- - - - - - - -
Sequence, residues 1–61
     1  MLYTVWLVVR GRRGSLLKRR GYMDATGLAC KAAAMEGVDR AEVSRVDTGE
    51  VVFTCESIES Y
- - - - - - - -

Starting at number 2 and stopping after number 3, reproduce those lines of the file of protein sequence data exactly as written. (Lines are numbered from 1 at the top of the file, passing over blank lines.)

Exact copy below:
     1  MLYTVWLVVR GRRGSLLKRR GYMDATGLAC KAAAMEGVDR AEVSRVDTGE
    51  VVFTCESIES Y